• Deficits in communication and social behaviors are inseparable and more accurately considered as a single set of symptoms with contextual and environmental specificities
  • Delays in language are not unique nor universal in ASD and are more accurately considered as a factor that influences the clinical symptoms of ASD, rather than defining the ASD diagnosis
  • Requiring both criteria to be completely fulfilled improves specificity of diagnosis without impairing sensitivity
  • Providing examples for subdomains for a range of chronological ages and language levels increases sensitivity across severity levels from mild to more severe, while maintaining specificity with just two domains
  • Decision based on literature review, expert consultations, and workgroup discussions; confirmed by the results of secondary analyses of data from CPEA and STAART, University of Michigan, Simons Simplex Collection databases
Several social/communication criteria were merged and streamlined to clarify diagnostic requirements.
  • In DSM-IV, multiple criteria assess same symptom and therefore carry excessive weight in making diagnosis
  • Merging social and communication domains requires new approach to criteria
  • Secondary data analyses were conducted on social/communication symptoms to determine most sensitive and specific clusters of symptoms and criteria descriptions for a range of ages and language levels
Requiring two symptom manifestations for repetitive behavior and fixated interests improves specificity of the criterion without significant decrements in sensitivity. The necessity for multiple sources of information including skilled clinical observation and reports from parents/caregivers/teachers is highlighted by the need to meet a higher proportion of criteria.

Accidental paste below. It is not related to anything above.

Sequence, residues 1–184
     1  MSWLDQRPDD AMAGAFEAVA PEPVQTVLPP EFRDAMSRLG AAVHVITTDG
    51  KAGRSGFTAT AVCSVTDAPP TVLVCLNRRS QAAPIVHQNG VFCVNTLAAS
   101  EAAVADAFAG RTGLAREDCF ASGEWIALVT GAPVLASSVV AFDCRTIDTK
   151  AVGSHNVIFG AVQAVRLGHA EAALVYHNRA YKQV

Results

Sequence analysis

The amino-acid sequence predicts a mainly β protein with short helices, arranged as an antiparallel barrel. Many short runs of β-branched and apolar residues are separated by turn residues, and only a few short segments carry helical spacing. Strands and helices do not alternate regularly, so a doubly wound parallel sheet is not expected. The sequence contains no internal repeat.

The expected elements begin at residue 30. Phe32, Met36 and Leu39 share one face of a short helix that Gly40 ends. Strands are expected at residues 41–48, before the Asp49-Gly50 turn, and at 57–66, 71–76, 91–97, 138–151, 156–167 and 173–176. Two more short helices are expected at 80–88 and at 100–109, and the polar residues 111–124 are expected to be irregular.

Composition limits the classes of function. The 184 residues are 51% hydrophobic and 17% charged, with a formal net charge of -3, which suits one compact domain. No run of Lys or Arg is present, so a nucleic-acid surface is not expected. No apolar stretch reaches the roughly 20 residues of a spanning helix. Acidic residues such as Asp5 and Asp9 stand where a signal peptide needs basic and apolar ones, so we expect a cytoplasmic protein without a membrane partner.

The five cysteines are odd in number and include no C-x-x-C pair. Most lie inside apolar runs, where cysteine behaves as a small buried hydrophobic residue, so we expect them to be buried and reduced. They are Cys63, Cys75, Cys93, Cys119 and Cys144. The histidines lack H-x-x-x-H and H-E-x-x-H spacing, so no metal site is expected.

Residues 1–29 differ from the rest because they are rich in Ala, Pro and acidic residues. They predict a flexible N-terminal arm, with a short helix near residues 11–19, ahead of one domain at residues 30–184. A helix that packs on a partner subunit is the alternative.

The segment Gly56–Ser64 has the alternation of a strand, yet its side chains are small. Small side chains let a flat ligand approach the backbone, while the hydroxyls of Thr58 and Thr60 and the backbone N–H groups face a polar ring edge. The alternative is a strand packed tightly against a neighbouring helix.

The presence, via clinical observation and caregiver report, of a history of fixated interests, routines or rituals and repetitive behaviors considerably increases the stability of autism spectrum diagnoses over time and the differentiation between ASD and other disorders.
Reorganization of subdomains increases clarity and continues to provide adequate sensitivity while improving specificity through provision of examples from different age ranges and language levels.
Unusual sensory behaviors are explicitly included within a sudomain of stereotyped motor and verbal behaviors, expanding the specfication of different behaviors that can be coded within this domain, with examples particularly relevant for younger children
Autism spectrum disorder is a neurodevelopmental disorder and must be present from infancy or early childhood, but may not be detected until later because of minimal social demands and support from parents or caregivers in early years.
Severity Level for ASD:
Level 3 ‘Requiring very substantial support’
Social Communication
Severe deficits in verbal and nonverbal social communication skills cause severe impairments in functioning; very limited initiation of social interactions and minimal response to social overtures from others.
Restricted interests & repetitive behaviors
Preoccupations, fixated rituals and/or repetitive behaviors markedly interfere with functioning in all spheres. Marked distress when rituals or routines are interrupted; very difficult to redirect from fixated interest or returns to it quickly.
Level 2 ‘Requiring substantial support’
Social Communication
Marked deficits in verbal and nonverbal social communication skills; social impairments apparent even with supports in place; limited initiation of social interactions and reduced or abnormal response to social overtures from others.
Restricted interests & repetitive behaviors
RRBs and/or preoccupations or fixated interests appear frequently enough to be obvious to the casual observer and interfere with functioning in a variety of contexts. Distress or frustration is apparent when RRB’s are interrupted; difficult to redirect from fixated interest.

Level 1 ‘Requiring support’
Social Communication
Without supports in place, deficits in social communication cause noticeable impairments. Has difficulty initiating social interactions and demonstrates clear examples of atypical or unsuccessful responses to social overtures of others. May appear to have decreased interest in social interactions.
Restricted interests & repetitive behaviors